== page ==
The Wildcats celebrated after their series win at South Carolina (Photo by Katie Dugan)

The Wildcats celebrated after their series win at South Carolina (Photo by Katie Dugan)

By Saturday evening, the world will know the name of the Kentucky Derby winner and it will take only a couple of ticks longer than two minutes to decide.  Southeastern Conference baseball is in its home stretch and for the Kentucky Wildcats, this could be the longest three weeks of their collective lives.

Right now, at the top of the lane, it’s a cavalry charge and Kentucky is one of three teams sharing first place; four others are just a game behind.

The Wildcats might be the biggest surprise in all of college baseball – a team picked by the league’s coaches to finish tied for fourth in the SEC East, now sharing first place in the toughest conference in the land. Auburn could stake a similar claim; the Tigers were picked to finish last in the West and they, too, own a share of first.

Auburn has hit the finish line in front before, but it’s been a while. The Tigers have won six SEC titles, although the last came in 1978.  They’ve won three SEC tournament titles and they’ve made three trips to the College World Series, most recently in ’97.

The Wildcats have one SEC regular season title. One. That’s it. They’ve never won a tournament title, nor have they visited Omaha for the CWS.  Those are the goals now.

“We want to do things that have never been done here before.” That’s what head coach Nick Mingione has been saying since he took over in Lexington.  You’ll have to excuse him; he’s a newbie – a first-year head coach.  But he does own a UK SEC championship ring.

Mingione was an assistant coach in 2006, when the Cats won their only title, serving under then-head coach John Cohen.  And if his first UK ballclub does win a league championship, it won’t have all that much in common with the ’06 team, except to say they’re both teams that made plays all over Cliff Hagan Stadium.

UK coach Nick Mingione has been all smiles for much of this season (photo by Dick Gabriel)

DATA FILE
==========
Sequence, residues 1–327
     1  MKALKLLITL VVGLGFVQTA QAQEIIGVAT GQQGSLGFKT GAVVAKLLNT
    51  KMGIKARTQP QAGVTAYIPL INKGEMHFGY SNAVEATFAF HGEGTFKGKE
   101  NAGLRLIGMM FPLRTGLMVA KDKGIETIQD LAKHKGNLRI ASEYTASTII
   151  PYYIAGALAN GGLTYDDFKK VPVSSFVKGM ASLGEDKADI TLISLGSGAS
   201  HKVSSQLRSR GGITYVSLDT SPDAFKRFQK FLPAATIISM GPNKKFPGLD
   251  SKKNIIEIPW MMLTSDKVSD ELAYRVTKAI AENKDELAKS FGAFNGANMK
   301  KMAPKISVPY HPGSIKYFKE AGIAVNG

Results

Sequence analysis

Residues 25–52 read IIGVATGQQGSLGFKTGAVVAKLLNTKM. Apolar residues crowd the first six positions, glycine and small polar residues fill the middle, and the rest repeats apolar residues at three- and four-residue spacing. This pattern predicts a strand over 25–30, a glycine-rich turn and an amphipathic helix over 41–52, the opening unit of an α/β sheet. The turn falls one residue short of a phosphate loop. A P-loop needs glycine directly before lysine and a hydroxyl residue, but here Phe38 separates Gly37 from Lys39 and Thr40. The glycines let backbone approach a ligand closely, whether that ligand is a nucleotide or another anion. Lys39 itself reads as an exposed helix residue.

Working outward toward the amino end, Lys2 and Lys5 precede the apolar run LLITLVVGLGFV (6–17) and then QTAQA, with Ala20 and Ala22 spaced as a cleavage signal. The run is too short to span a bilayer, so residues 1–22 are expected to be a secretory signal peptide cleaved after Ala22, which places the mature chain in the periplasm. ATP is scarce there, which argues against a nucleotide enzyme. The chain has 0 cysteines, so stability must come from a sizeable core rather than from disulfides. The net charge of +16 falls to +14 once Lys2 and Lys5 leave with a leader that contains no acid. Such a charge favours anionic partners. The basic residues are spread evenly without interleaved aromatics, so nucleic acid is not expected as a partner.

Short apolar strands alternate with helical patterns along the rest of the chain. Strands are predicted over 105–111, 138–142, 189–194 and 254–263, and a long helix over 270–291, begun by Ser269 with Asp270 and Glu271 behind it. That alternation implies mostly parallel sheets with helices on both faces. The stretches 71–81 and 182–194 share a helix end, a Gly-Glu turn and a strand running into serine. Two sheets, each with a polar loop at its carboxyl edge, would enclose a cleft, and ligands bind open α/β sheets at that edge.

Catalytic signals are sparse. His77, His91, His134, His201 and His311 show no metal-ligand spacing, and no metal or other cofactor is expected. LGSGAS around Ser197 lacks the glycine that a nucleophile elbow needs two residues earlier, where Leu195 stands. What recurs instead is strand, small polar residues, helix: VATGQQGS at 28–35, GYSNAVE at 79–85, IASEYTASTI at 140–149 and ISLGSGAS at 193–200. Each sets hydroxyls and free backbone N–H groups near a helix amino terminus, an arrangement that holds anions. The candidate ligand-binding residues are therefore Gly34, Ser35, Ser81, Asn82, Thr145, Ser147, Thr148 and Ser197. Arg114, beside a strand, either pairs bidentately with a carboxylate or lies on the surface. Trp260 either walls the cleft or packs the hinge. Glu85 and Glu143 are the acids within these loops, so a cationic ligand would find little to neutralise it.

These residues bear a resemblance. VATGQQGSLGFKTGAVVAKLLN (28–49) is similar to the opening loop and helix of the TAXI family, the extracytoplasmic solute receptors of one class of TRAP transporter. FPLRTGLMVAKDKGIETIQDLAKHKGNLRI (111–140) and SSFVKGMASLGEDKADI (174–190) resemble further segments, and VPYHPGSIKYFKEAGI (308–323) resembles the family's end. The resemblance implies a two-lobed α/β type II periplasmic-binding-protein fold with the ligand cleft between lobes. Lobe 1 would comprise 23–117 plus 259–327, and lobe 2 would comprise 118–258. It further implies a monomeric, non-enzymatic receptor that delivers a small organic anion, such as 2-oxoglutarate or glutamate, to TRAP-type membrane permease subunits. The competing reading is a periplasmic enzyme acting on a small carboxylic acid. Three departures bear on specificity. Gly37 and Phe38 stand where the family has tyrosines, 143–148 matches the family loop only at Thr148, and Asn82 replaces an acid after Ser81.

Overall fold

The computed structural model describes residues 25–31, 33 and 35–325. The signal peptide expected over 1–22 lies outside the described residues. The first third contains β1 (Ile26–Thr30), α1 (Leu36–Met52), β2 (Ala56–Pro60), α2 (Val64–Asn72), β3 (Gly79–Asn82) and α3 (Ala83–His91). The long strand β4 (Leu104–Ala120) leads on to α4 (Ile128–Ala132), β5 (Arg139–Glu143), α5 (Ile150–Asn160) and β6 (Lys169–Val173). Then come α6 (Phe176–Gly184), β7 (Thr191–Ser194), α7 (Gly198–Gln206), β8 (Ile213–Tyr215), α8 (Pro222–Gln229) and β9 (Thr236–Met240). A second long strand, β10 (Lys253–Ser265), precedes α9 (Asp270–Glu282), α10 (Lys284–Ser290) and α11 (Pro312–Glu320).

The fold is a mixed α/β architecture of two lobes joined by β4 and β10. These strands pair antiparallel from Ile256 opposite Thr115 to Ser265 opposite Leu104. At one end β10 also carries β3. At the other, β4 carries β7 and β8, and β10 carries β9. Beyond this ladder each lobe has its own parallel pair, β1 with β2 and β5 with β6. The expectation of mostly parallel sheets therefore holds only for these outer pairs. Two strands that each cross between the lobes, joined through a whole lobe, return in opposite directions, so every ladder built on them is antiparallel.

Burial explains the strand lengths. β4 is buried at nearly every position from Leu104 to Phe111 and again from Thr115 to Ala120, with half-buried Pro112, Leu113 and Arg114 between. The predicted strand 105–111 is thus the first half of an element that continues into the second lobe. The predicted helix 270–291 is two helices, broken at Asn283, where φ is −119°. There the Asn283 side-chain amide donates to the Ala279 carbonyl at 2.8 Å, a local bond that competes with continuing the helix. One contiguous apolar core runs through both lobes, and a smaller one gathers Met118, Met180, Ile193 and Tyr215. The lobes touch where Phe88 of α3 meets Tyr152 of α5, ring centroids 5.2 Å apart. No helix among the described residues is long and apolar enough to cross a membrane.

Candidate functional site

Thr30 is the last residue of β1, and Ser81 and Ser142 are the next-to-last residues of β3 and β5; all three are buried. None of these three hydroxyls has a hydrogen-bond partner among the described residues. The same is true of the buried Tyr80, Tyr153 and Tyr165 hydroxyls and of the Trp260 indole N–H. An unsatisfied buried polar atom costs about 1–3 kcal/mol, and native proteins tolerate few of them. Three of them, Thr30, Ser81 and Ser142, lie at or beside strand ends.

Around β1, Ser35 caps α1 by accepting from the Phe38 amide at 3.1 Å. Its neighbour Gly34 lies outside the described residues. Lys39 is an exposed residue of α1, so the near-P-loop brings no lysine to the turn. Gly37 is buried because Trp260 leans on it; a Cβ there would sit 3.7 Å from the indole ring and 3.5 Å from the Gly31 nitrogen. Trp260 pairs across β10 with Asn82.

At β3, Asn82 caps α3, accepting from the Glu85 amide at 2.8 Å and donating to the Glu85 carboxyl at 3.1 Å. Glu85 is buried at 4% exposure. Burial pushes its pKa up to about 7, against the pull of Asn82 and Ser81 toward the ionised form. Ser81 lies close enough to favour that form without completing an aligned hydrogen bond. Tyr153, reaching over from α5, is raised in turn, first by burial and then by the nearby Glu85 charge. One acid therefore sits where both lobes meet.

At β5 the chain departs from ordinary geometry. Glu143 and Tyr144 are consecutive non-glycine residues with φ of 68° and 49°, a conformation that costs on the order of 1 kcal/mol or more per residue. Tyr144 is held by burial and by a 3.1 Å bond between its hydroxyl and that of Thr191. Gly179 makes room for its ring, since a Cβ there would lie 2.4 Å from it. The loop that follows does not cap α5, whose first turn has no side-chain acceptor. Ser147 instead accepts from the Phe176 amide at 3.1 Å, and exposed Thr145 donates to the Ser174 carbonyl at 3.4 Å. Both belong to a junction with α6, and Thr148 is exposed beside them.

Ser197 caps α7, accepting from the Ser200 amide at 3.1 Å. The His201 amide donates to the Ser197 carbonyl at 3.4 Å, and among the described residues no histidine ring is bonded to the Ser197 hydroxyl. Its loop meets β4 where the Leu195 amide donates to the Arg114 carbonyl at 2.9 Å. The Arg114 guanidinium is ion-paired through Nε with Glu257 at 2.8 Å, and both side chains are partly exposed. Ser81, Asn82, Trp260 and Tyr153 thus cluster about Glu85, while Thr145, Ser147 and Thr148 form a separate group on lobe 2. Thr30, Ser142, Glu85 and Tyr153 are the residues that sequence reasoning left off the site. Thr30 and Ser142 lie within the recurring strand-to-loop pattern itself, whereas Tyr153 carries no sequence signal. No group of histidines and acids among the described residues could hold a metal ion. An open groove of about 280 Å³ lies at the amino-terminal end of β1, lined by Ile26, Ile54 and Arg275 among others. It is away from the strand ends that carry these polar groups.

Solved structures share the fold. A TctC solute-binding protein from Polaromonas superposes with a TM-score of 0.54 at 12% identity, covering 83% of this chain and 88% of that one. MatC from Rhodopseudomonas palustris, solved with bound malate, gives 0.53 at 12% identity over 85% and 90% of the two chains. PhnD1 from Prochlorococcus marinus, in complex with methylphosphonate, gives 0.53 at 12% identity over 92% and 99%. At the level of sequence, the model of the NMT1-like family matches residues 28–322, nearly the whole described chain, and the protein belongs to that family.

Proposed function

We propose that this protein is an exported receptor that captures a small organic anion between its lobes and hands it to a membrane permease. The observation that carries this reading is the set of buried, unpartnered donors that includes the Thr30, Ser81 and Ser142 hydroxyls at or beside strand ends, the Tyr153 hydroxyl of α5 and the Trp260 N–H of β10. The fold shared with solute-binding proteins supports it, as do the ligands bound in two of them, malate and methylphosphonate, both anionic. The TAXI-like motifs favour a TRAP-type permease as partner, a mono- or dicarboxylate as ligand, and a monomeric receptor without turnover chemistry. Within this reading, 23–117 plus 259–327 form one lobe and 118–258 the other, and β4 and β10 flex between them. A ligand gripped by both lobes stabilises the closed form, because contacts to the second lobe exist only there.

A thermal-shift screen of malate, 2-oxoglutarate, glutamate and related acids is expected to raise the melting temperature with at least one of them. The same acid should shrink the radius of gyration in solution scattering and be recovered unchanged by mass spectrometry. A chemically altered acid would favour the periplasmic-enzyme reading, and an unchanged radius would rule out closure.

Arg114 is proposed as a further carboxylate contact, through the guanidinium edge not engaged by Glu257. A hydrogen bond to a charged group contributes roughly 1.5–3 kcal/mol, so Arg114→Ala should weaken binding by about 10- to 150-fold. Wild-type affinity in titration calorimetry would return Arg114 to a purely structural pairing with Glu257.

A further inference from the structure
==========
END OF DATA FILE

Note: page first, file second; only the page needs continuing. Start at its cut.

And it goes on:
UK coach Nick Mingione has been all smiles for much of this season (photo by Dick Gabriel)

This year’s edition of the baseball Wildcats stumbled out of the gate, but was racing in stakes company.  Kentucky opened up with a three-game set at then-sixth ranked North Carolina, and dropped all three.  The Wildcats had the tying or winning run at the plate or on base in the ninth inning of each game but just couldn’t make it happen. Still, that series showed Mingione, in a span of 72 hours, what kind of team he had. He told his assistants, “We’re gonna be good.”

In ’06 the Wildcats bolted out of the gate like a stakes horse racing against cheap claimers, winning 17 of their first 20 but inexplicably lost a series at Auburn to a Tigers team that struggled to win 22 games.  The Cats went on to sweep three series and in the final weekend, needed just one victory in three games at Georgia to clinch a share of the SEC title (Alabama likewise finished 20-10 in the West).

That year’s ballclub enjoyed the power generated back then by bats that could put home runs into outer space. Ryan Streiby, eventually named SEC Player of the Year, led the Cats with 20; three other UK players cracked at least 16.

In this day of the deadened bat, no Kentucky player has more than eight home runs. But there are no weak spots in the lineup, the Wildcats have made a science of scoring with two outs and the weekend pitching rotation – none of whom had ever been an SEC starter – has combined for 18 wins.

This race likely will go to the wire.  Winning Derby trainers are fond of saying, “There wasn’t a straw in his path” when their newly-crowned champion heads for the winner’s circle.  That’s not the case for Kentucky, which does have a scheduling advantage with both Georgia and Tennessee heading for Lexington over the next two weekends.

But the ever-dangerous Florida Gators, one of those four teams tied for second, will be awaiting the Cats in Gainesville on the last weekend of the regular season.  It could take a photo finish to decide this race.

This much we do know: After sweeping Texas A&M in College Station and winning series both at Missouri and South Carolina, the Wildcats know how to win on the road. If they take care of business with the Bulldogs and Volunteers, they just might lock up at least a share of the SEC championship — in Gainesville, against a team picked to win the East.

And that is something that’s never been done here before.

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